Written by Tang Buxi, May 4nd, 2008
Caijing is one of the best news magazines in China today. Its primary emphasis is on financial and economic issues, but it also touches upon social and political commentary. Its closest analogues might be the British Economist, or the American Wall Street Journal. I plan on making translated versions of Caijing articles a regular addition to this blog.
A feature article in this month’s issue discusses the challenges and opportunities behind the Beijing Olympics. The by-line reads:
The opportunities and challenges of the Olympics were always two sides of the same coin. Despite external pressures and internal worries, it’s not necessary, nor is it possible, to modify the direction of our future progress.
The author helps us take a step back and see the larger view. The Olympics, as well as the events of the past month do indeed represent incredible challenges, but China’s development over the past 30 years can not, and will not stop on the basis of these events.
The Chinese version is here, and the English translation (courtesy of the must-read blog ESWN) is here.
Bing Ma Yong says
this article is full of hollow words like his paper. Everyone can see the challenge.
are the government and people ready if the tourists and athletes pull out Tibetan flags during the game? is there any measure to prevent our angry youth not to beat up if someone dose that?
are the people going to applaud not to boo if a foreign athlete beat Liu Xiang?
Is the Great Firewall going to unblock the sites during the game? And block them again after the game?
are the government and people ready to take the flood of criticism from the thousands of foreign reporters and China haters come in during the game.
all those social problems would be magnified and reported.
And a lot more
the west media and their audience have no interesting in what we achieved over the past 30 years his talking about . they want to see the the dark side, the negative things which are the news we are seeing every day in the west.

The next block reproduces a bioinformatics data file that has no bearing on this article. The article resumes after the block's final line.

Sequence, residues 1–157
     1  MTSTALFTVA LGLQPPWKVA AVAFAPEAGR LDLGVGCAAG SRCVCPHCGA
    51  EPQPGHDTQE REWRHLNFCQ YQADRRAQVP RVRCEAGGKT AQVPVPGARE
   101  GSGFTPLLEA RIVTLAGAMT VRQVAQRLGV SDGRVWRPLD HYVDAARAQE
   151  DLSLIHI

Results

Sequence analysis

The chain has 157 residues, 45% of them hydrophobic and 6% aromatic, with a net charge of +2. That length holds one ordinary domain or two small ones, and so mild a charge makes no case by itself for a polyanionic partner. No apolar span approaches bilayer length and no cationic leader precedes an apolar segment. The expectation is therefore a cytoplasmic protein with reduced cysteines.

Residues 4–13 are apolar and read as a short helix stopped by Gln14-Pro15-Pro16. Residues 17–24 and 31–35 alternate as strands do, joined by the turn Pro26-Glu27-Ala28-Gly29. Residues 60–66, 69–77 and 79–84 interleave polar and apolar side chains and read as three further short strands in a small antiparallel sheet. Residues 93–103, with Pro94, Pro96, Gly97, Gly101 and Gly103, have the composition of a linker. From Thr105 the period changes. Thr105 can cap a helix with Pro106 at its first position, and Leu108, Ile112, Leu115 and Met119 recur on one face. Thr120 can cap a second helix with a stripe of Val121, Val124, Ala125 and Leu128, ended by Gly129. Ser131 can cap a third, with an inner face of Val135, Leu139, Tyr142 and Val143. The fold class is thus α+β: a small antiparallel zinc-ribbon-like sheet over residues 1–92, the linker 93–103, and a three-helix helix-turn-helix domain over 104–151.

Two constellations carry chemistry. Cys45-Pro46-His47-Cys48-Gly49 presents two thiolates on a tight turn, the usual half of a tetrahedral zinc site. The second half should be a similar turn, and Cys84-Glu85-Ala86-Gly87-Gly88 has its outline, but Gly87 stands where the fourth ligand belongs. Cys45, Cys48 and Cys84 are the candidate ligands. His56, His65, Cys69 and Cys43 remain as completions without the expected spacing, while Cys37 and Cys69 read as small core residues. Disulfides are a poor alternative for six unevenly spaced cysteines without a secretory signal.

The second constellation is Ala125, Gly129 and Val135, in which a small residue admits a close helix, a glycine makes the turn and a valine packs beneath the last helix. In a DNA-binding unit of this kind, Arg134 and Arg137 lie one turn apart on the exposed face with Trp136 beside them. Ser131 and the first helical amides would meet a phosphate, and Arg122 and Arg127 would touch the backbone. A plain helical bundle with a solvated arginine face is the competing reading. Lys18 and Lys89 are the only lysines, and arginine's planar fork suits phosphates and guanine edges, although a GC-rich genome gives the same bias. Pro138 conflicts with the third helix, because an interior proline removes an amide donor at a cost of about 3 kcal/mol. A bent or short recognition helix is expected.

I will be at the Olympics, and I personally am also very nervous and concerned about what might happen.
It’s interesting reading some Western blogs and media that discuss the possibility of protests at the Beijing Olympics. Their greatest concern seems to be being arrested by the police. Frankly, I believe if foreign tourists and athletes raise the Tibetan independence flag in Beijing, they will find that the police will quickly become their best friends. The police will be defending them from many very, very angry and hostile citizens.
It’s been encouraging to see some of the humble things that the Chinese government has done to try to approach this issue. Talks with the Dalai Lama, not to mention favorable comments from Hu Jintao on his trip to Japan. I hope this will pay off.
I’m also hoping that many foreign protesters will get a better idea of what China is just by stepping off the plane and being in Beijing.
A half-Tibetan Canadian independence activist visited Beijing in 2007, and some of her Youtube videos capture her impressions:
In one of these videos she talks about how overwhelming the “scale” of Beijing is.
I don’t think many of these people recognize the implication of more than a billion people feeling very strongly about a single issue. A Canadian visiting in Beijing will hopefully understand that they’re in a city with about half the population of their entire country.
All we can do at this point is hope. 天佑中华!
Bing Ma Yong says
not too sure any education and policy program are on the way to prevent all those angry react from our citizens. I haven’t seen anything yet. no much time left
Lhadon’s mind is full of hatred towards a nation and people.